Further, the system will need to identify the customer touch-point and, based on an investigation, the apparent root cause of the complaint about later research and hypothesis testing. Managers should be especially careful not to depend on generic, canned categories from a system vendor. Time invested in categorizing each complaint with sensible descriptors, and keywords will pay off later by making it easier for staff members to search and draw inferences from the complaints data[v].
In fact, over time, this detailed, disciplined indexing can create a robust database that will allow leaders and analysts to discern systemic issues within their organization. Certain types of complaints will repeat themselves, and by sorting and measuring complaints categories, the tracking system will allow a management team to diagnose problems in operational systems, customer service, and product offerings. This information will provide the senior leadership team with both qualitative and quantitative information about where they are falling short with customers or members, turning what was formerly departmental folklore into actionable data.
A first complaints database can be as straightforward or as complicated as an organization can afford. Excel spreadsheets or Access databases work fine. Enterprise call-monitoring system vendors often can tack on some complaint management solutions to their systems. Higher-end solutions offer keyword or even speech pattern recognition systems to highlight for management intervention calls during which customers use expletives, or express anger, or extreme dissatisfaction.[vi] In the middle market, software as service is emerging that offers complete, web-based, software as service (SaaS) complaint management systems. Indeed, there are some emerging software-as-service, cloud-based vendors who have developed systems that can affordably perform these services for small and medium-sized businesses, easily integrating with organizations' Facebook, Twitter, and Salesforce.com accounts right out of the box.[vii]
Why Encourage Customers to Complain?
Once a complaint management system is operational, leaders can also begin to solicit feedback, both positive and negative, by leveraging customer surveys, websites, social media, email, and customer service 800 numbers. Connecting input from these sources directly to a complaints management database allows leaders to drive the costs of processing complaints down. At the same time, a database allows the tracking of customer satisfaction and building up the amount of information they are receiving about consumer dis-satisfiers. This approach can make an organization much more responsive and provides companies with a lightning-fast source of feedback about new products and services almost immediately after rollout.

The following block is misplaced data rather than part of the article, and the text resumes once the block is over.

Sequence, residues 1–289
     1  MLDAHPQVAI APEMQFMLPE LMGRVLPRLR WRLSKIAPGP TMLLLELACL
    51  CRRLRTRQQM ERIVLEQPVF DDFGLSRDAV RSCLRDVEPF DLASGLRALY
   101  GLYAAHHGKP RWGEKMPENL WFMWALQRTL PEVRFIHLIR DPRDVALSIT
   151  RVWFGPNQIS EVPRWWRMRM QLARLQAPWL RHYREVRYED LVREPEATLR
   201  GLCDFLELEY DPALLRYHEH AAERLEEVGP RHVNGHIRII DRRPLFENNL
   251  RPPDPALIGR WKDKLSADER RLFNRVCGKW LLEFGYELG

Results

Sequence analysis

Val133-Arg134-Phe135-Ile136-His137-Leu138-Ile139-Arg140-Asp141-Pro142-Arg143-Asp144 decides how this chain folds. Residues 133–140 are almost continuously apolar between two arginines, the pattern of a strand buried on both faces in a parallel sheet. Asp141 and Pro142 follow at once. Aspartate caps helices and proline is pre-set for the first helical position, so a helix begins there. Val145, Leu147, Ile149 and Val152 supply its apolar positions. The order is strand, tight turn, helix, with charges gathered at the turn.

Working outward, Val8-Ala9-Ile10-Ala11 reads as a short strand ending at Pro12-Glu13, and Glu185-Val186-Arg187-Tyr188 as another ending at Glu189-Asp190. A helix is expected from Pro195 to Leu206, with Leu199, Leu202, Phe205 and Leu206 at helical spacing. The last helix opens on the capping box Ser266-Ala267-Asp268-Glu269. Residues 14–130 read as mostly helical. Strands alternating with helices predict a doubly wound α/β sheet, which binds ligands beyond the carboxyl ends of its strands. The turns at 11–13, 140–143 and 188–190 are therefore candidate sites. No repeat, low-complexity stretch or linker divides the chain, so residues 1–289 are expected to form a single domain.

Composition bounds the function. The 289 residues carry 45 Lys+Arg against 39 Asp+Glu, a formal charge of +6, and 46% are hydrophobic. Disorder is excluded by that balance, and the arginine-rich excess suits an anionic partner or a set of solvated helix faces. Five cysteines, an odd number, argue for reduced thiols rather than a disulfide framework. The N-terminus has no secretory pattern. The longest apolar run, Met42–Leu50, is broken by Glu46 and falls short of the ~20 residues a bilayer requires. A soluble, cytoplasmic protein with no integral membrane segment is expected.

A robust complaint management system gives customers a convenient means of redress, without forcing them to escalate their complaints to the sales line or even up through the organization's senior management ranks. And escalate they will. Our work has shown us that dissatisfied customers will call anyone they can to resolve their problems. In some cases, angry customers engage in so-called "consumer vigilante" activities using a burgeoning set of electronic tools to communicate their dissatisfaction.[viii] And, the angrier they are, the more time and diligence they will apply to let their issues be known. That means that if a company sells over the phone and customer service personnel or complaints, management personnel are not resolving customers' concerns. Then customers will call the sales line or the President's office. These calls, in turn, will push down conversion, increase acquisition costs, and perhaps cost someone their job. The term failure demand[ix] was coined by a British researcher, John Seddon, to describe this effect. He used the term in the 1990s to explain exploding call volumes at telecommunications company call centers during a period of service transition when calls about service problems choked his clients' sales lines. The bottom line? While facilitating feedback about bad experiences might seem like leaning into the punch, this feedback, properly managed, can allow an organization to neutralize issues quickly before they become regulatory, reputation-changing, or business-threatening nightmares.